The outlook for the global poultry industry is gradually improving, but big differences remain between countries, and global poultry trade is still very competitive. The industry is facing major challenges due to Covid-19-related market disruption, very high and volatile feed prices, avian influenza (AI) in the northern hemisphere, and volatility coming from a bumpy recovery in countries affected by African swine fever (ASF). Key for producers will be to have a very disciplined supply growth, a focus on cost reduction via procurement, production efficiency, and feed formulation, as well as being prepared for big swings in demand driven by Covid-19-related government decisions.
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As countries reopen foodservice, and while their control of Covid-19 improves, the poultry industry will start to recover. On average, 35% of global poultry consumption is via foodservice. “In countries where several of these disruptive factors come together, broiler prices have risen to high levels. Some governments have started to intervene to protect their economies against price inflation,” according to Nan-Dirk Mulder, Senior Analyst – Animal Protein. This sort of situation could occur more often in 2021, driven by Covid-19, AI-related disruption of breeding stock, and high feed prices.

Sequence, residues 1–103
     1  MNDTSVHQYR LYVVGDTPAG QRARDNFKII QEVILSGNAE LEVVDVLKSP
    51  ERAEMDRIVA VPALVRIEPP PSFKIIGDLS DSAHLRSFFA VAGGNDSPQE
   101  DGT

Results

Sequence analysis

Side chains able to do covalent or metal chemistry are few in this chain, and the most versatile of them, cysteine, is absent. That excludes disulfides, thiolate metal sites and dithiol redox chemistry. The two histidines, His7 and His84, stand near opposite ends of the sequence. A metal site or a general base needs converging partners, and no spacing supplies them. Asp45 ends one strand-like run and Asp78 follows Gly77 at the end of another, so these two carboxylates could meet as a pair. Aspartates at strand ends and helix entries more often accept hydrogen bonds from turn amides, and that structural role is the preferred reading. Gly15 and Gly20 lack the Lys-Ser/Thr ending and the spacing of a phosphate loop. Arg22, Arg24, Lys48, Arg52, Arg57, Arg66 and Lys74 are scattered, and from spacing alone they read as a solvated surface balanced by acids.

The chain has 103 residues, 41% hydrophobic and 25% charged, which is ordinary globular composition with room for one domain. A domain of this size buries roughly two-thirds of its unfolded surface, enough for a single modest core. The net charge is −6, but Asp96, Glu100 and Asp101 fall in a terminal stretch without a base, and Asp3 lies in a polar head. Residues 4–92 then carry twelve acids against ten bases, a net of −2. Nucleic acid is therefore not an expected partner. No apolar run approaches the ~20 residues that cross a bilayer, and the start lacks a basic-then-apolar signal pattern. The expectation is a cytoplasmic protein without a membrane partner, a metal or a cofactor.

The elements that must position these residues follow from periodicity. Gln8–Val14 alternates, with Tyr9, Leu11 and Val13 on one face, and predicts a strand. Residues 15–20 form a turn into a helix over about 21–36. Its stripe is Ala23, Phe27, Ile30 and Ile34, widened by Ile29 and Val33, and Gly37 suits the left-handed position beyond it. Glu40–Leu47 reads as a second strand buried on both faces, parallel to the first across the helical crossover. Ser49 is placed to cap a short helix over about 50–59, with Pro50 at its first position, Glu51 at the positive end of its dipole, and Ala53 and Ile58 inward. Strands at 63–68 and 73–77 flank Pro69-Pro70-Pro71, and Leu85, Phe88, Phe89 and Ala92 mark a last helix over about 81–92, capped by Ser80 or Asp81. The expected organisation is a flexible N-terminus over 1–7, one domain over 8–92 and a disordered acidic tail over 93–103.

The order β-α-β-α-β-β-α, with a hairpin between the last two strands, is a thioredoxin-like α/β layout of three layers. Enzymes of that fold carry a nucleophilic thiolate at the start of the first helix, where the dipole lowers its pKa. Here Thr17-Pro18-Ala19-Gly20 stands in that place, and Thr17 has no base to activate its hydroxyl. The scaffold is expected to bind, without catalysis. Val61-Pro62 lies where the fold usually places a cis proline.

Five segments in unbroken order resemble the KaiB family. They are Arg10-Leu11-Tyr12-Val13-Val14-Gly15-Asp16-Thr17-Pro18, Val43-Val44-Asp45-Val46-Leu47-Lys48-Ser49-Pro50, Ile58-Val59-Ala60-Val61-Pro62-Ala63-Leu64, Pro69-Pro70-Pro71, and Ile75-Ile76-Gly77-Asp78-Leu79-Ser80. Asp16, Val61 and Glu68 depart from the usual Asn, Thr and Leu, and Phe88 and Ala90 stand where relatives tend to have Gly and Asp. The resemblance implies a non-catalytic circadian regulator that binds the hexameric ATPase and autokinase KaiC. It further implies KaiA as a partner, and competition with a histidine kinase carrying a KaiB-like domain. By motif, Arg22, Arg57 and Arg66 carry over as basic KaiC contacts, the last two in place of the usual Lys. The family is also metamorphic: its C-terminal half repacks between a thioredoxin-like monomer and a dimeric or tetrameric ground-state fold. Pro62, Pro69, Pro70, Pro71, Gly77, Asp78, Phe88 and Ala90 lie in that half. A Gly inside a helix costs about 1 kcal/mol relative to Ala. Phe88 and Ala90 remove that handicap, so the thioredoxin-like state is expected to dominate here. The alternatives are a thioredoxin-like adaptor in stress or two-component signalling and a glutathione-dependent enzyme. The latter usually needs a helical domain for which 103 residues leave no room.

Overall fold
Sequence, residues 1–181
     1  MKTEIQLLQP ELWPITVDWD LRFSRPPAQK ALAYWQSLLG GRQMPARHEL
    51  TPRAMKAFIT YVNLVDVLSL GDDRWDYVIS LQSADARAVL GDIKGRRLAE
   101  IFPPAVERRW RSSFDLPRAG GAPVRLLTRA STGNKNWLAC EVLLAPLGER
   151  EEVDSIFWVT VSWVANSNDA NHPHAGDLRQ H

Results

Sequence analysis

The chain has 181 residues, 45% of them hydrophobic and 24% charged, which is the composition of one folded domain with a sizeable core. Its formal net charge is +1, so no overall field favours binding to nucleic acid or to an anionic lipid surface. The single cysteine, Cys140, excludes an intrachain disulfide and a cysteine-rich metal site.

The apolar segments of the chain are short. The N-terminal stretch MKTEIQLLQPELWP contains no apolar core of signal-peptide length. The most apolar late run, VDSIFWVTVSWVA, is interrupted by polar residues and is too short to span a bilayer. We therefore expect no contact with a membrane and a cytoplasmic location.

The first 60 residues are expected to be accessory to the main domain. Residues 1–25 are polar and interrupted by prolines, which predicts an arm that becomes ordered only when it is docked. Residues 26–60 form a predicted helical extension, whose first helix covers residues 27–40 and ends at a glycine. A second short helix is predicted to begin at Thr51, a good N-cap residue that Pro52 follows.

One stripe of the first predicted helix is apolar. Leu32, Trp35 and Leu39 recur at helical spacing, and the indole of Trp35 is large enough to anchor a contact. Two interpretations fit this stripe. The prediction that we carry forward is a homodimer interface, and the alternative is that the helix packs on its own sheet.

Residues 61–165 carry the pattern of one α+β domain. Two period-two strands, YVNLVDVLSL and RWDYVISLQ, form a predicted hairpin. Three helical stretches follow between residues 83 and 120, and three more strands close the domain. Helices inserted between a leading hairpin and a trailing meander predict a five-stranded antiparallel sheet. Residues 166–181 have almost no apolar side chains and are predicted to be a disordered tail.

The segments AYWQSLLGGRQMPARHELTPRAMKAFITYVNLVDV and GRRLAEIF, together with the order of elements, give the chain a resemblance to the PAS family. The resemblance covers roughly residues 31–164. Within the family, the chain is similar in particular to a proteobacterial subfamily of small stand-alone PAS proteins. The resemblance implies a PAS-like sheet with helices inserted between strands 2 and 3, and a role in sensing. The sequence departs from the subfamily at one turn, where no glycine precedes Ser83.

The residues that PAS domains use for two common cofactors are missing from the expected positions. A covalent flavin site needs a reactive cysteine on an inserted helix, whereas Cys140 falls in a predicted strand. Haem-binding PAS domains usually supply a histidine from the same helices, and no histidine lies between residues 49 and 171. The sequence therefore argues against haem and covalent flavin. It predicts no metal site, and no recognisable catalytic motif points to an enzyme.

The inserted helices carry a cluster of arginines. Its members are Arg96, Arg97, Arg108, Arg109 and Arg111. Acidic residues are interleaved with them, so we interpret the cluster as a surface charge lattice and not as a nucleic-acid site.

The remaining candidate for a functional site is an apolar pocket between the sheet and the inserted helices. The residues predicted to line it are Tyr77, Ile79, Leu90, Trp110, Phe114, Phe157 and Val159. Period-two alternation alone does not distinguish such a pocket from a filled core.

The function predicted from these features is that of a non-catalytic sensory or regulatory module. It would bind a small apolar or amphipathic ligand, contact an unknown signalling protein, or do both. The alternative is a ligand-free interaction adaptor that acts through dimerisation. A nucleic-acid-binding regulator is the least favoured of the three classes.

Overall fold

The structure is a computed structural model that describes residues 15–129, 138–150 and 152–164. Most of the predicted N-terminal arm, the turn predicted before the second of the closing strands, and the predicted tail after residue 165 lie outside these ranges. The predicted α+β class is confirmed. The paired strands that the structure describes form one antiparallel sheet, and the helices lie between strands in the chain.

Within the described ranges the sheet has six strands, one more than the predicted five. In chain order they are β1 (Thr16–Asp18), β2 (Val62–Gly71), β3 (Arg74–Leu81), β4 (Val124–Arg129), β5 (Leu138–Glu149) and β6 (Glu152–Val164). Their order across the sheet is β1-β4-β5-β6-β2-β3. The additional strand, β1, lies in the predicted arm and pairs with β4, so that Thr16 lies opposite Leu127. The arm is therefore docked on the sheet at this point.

Some highlights from this report include:
– The best performing industries are the US, Mexico, Japan, and Russia, while the EU, South Africa, and Thailand are still suffering from oversupply.
– AI has impacted production in Russia, East Asia, and Europe. It has also disrupted trade flows of hatching eggs, DOCs, and poultry from Europe. ASF recovery could lead to an oversupply of poultry in China and Vietnam.
– Feed prices are expected to stay high due to the combination of strong Asian demand for feed grains, La Niña’s impact on production, and market speculation. This will keep feed prices high and volatile.
– Global trade is still highly competitive, with trade levels still down (-4%) and low prices. This market will recover slowly due to its high dependence on foodservice and the still high stock levels in import markets.